Coulter hits milestone as Tribe continues its quest

Coulter hits milestone as Tribe continues its quest

COLFAX — As an incoming pass ricocheted off his palms and the ball bounced out of bounds, Noah Jackson's face fell to the floor.

Down by eight points, a careless turnover was hardly the start Judah Christian boys' basketball could afford to begin the second half of Tuesday night's Class 1A Ridgeview Sectional semifinal game against a rapid-fire cluster of Gardner-South Wilmington shooters.

The Tribe senior wore his mistake in his body language as he trudged down the court on defense, frowning all the while. That's when senior guard Connor Lash stood up on the Tribe bench and started calling Jackson's name.

"Don't worry about that, don't worry," Lash called out to Jackson. "You've got this. We've got this."

So true.

The next basket belonged to Jackson, who drove the length of the floor and rolled in a layup that would kickstart a 16-6 second-quarter rally for the Tribe on its way to a 65-53 victory.

"I know my teammates are going to be there for me," said Jackson, who, like Lash, tallied 13 points for the Tribe in its first-ever sectional victory. "So I know I've got to be there for them."

While the Panthers (23-10) scraped their way back in the second half to hold a 41-40 lead entering the fourth quarter, the Tribe (29-2) allowed its defense to energize an 11-0 run in the fourth frame.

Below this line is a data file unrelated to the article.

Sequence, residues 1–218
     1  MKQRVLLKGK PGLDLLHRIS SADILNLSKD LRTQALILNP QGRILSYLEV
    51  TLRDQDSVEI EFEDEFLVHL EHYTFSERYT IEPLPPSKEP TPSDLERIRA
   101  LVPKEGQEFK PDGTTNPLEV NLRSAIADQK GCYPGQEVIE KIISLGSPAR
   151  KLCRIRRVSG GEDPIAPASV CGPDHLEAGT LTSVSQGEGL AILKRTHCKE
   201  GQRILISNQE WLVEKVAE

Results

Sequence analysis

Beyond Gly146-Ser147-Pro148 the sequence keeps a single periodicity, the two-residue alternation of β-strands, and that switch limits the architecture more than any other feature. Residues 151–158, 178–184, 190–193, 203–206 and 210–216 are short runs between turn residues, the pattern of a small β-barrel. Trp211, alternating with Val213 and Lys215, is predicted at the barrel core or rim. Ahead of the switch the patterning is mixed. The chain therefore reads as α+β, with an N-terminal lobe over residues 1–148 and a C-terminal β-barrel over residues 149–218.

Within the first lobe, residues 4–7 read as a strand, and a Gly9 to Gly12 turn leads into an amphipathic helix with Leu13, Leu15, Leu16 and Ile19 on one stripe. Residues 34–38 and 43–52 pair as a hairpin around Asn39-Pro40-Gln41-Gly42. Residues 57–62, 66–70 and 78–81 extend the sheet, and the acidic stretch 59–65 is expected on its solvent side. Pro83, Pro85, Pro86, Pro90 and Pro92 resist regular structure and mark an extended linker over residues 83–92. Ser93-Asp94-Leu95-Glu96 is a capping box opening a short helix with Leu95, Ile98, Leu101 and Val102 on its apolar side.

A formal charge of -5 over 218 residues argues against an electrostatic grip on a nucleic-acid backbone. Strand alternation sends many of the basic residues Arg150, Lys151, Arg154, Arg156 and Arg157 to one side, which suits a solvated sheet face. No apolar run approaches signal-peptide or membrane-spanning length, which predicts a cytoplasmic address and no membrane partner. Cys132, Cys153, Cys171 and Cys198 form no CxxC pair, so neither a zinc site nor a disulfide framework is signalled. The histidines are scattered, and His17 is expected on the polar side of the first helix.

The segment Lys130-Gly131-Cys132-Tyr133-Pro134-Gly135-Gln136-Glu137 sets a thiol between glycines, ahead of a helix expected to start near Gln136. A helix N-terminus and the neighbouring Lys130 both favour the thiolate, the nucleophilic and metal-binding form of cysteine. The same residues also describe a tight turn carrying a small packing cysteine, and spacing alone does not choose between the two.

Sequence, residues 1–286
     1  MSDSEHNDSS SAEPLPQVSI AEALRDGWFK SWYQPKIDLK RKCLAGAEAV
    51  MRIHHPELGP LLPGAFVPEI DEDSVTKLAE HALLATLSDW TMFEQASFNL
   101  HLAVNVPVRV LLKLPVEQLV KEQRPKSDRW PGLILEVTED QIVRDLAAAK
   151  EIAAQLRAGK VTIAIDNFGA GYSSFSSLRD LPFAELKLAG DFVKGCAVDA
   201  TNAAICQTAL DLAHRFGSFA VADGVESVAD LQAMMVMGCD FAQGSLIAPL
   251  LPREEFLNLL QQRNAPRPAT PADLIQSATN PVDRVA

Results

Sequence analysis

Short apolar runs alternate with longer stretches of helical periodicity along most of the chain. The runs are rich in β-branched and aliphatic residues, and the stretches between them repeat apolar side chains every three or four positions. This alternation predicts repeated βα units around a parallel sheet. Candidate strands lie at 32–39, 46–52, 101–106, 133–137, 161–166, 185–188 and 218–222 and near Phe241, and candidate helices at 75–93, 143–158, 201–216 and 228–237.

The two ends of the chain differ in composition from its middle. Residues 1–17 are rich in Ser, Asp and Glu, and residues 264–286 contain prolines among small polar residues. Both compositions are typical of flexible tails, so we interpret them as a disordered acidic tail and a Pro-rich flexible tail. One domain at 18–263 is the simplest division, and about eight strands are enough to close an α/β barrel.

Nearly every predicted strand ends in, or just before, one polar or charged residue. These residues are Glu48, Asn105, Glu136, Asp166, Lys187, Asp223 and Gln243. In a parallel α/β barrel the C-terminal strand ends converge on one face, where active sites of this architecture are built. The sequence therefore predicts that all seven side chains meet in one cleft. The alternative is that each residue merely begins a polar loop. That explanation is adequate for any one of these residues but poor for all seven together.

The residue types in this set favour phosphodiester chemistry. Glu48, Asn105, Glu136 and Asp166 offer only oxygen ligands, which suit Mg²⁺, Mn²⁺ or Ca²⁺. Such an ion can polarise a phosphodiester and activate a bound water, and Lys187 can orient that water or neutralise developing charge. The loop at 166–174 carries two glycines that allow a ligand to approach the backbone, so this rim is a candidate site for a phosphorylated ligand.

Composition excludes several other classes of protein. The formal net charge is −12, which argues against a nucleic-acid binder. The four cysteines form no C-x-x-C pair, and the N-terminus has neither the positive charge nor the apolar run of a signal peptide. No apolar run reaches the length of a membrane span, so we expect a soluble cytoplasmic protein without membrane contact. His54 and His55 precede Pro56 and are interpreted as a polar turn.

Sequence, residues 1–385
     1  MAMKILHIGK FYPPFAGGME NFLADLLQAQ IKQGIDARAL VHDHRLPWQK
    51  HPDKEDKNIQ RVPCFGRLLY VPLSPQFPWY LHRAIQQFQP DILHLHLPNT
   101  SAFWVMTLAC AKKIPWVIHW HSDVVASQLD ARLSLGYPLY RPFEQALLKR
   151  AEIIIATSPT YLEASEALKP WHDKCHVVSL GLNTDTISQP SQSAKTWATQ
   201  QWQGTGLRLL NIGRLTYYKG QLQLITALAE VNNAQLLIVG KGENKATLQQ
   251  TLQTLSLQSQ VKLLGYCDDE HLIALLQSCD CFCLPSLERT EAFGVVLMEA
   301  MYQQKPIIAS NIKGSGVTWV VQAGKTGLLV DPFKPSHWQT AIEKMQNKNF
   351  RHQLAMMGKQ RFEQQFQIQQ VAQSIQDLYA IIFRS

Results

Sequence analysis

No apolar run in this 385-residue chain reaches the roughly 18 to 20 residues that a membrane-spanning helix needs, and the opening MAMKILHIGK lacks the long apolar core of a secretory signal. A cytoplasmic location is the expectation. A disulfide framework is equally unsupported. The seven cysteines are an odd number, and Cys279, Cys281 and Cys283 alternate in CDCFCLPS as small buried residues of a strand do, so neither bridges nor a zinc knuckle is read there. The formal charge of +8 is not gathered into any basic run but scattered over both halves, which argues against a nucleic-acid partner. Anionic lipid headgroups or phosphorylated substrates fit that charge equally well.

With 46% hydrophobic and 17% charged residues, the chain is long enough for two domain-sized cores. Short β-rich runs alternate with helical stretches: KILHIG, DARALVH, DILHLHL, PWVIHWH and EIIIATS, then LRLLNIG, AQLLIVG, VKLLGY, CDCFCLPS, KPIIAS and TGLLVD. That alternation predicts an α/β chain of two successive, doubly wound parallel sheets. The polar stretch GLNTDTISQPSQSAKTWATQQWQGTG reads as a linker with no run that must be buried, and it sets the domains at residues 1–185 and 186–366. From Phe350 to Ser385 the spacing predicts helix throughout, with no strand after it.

Learning to play through defense is an aspect Judah's first-year coach Bill Ipsen has stressed the entire season.

"Some nights, it's not going to always go in the hole, and defense has to be there every night," Ipsen said. "I think they've bought into that. And against this level of competition, it's got to be (won) defensively."

Out on the court, senior Philip Coulter could feel the defense shift the momentum of the game in the midst of the Tribe's second-quarter run. It helped him start knocking down shots after missing his first two attempts from the field, as the Tribe's leading scorer finished with 16 points to eclipse 1,000 career points.

Coulter said friends made him aware of the nearing milestone, but that actually reaching it was far from his mind with program history on the line.

"It wasn't a goal to get to 1,000," Coulter said. "It was a goal to get to the next game. The 1,000 was going to come."

Senior Josh Candler also found his way to double figures scoring with 11 points, dishing out a number of assists and picking the pocket of several driving Panthers at opportune moments.

Though, by the game's final eight minutes, every member of the Tribe that stepped out onto the court was getting a piece of the Panthers, most frequently with an in-your-face defensive pressure along the three-point line.

"We were getting a little bit tired at the end, but that's definitely from their defense," Gardner-South Wilmington coach Allan Wills said. "They were in our face and pressuring us good. They definitely stepped up and fought hard."

Ipsen deemed the Tribe's defense in the opening quarter "unacceptable" for the future, but for now he'll take the victory — which is the 17th in a row for his Tribe players. But whether they end up facing Cissna Park (28-4) or Grant Park (19-8) in Friday's 7 p.m. championship game, Ipsen wants his boys to believe their defense will lead the way.

"It'll be a challenge," Ipsen said. "But whoever we face Friday, we've got to play a little better than we did (Tuesday night) to win again."